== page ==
Sunday, January 3, 2021

Lit Rock 101 - Layla and Other Tales

Musicians often write songs about literature, from novels to short stories, from Shake or Shelley. Whether it's the pedophilic teacher Humbert Humbert in The Police's "Don't Stand So Close to Me" or one the many Tolkien references that saturate Led Zeppelin songs, there is an endless list of literary references in Rock.

Love isn't easy for anyone, not even famous rock stars; that's why we have endless songs of broken hearts. Guitar God Eric Clapton got the memo when he met—and immediately fell for—Pattie Boyd, model and actress who appeared in A Hard Day's Night. There was a problem: she was already married to Clapton's good friend, George Harrison. When Clapton read The Story of Layla and Majnun, he felt a connection to the ill-fated Majnun. In Ganjavi Nizami's 1192 poem, a young man named Majnun falls in love with the beautiful Layla. "Falls in love" is a nice way of putting it—he becomes obsessed. Layla's father, refusing to marry her to a madman, marries her off to someone else. Denied his love, Majnun goes to live in the wilderness, where he is sometimes seen writing poetry and singing songs to Layla. In Clapton’s "Layla," he begs her to, "make the best of the situation, before I finally go insane," like the poor Majnun. Of course, unlike Majnun, Clapton did eventually marry, and later divorce, his Layla. "Bell Bottom Blues" was also a tome to Patty Boyd. Ah, love, the great muse.

It is crazy to think that if Frederich Nietzsche hadn't been so popular, we may never have experienced the Beatles' psychedelic phase. Searching the bookstore for a copy of The Portable Nietzsche, John Lennon instead picked up a copy of Timothy Leary's The Psychedelic Experience. Inspired by The Tibetan Book of the Dead, Leary's book is an instruction manual meant to aid your psychedelic drug-taking experience. Lennon brought the book home, took some LSD, and had a mind-altering experience. "Tomorrow Never Knows" provides the listener with some of the same instructions: "turn off your mind, relax, and float downstream."

While the clever title might make it obvious, "ReJoyce”" is Jefferson Airplane's paraphrasing of James Joyce's Ulysses. Loosely inspired by Homer's Odyssey, the famous novel follows a day in the life of Leopold Bloom and Stephen Dedalus, and how their lives interact. Jefferson Airplane takes this lengthy work and boils it down to its basics. They invoke the dark madness that permeates the novel and even mention, "Molly’s gone to blazes, Boylan's crotch amazes," referring to Molly Bloom's affair (cf. Kate Bush: "and first I put my arms around him yes and drew him down to me so he could feel my breasts all perfume yes and his heart was going like mad and yes I said yes I will Yes").

"Young teacher, the subject of schoolgirl fantasies:" Right from the first line, you know what’s going down. In this tale of an inappropriate relationship between a teacher and his student, the man struggles against his urges but eventually gives in. Whenever a story like this pops up, you can’t help but immediately go to the quintessential story of pedophilic love: Vladimir Nabokov's Lolita. Lest there be any question about their inspiration, The Police include the lyric "just like the old man in that book by Nabokov."

Led Zeppelin has a well-documented love for J.R.R. Tolkien and Middle Earth, referencing it in songs like "Ramble On" and "Misty Mountain Hop." "The Battle of Evermore" tells the story of one of the final battles for Middle Earth: It talks of Sauron, "the Dark Lord rides in force tonight," and "the Ringwraiths ride in black tonight." And of course, Frodo and the One Ring get special attention: "The magic runes are writ in gold to bring the balance back. Bring it back." Though it’s unclear who the Prince of Peace is, the Tolkien connection is clear.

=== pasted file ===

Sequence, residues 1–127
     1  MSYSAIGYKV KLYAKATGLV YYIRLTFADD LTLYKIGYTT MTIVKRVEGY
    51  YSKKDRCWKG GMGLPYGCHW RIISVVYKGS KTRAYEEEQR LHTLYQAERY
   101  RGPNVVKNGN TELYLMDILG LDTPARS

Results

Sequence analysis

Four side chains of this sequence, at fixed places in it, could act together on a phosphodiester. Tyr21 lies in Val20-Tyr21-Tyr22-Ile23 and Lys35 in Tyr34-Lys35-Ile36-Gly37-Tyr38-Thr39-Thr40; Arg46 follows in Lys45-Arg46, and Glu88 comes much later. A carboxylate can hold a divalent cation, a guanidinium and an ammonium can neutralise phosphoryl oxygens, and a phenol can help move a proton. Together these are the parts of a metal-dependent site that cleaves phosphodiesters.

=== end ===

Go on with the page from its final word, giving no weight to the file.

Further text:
In the 60s, it was not uncommon to look to Eastern philosophies for guidance and inspiration; Pink Floyd was no different. In "Chapter 24," Pink Floyd take the I Ching, an ancient Chinese text on divination, and set it to music. Specifically, they pull from chapter 24 of the book, which describes the process of divining using hexagrams, a process that goes through six stages. The song has a meditative sound that carries the teachings of the I Ching through the listener and deepens the experience.

Lest we forget, Bowie's take on 1984, Wakeman’s on Journey to the Centre of the Earth, Springsteen's The Ghost of Tom Joad, The Cure's "Killing an Arab" (Albert Camus' The Stranger), Morrison’s references to Huxley, William Blake and Berthold Brecht. The question remains, how often is it the other way around? How many examples are there of literature based on music instead? Hmm, well there is this novel by, oh, me, Jay and the Americans, but that’s just a shameless plug. Instead, how about Haruki Murikama’s Norwegian Wood, Absolute Beginners by Colin MacInnes or Dylan as the inspiration for a key character in Scott Spencer’s The Rich Man’s Table? Before Dylan, rock stars and literary writers were considered contradictions in terms, the pure division of mind and body. Even Dylan was mocked by Updike for looking "three months on the far side of a haircut" at a concert in the early 1960s. By the late '60s, English teachers were reciting the lyrics of Dylan, the Beatles and Paul Simon with the kind of reverence usually shown for John Donne. Meanwhile, rock stars became more self-conscious (and pretentious) and literary, from the "rock theater" of the Doors to the "rock opera" of the Who's Tommy. "For people of that time, some of the rock lyrics were more important to us and occupied us more than reading the great poets, even those of us who went on to study those poets," said T. Coraghessan Boyle, whose books include Water Music and World's End.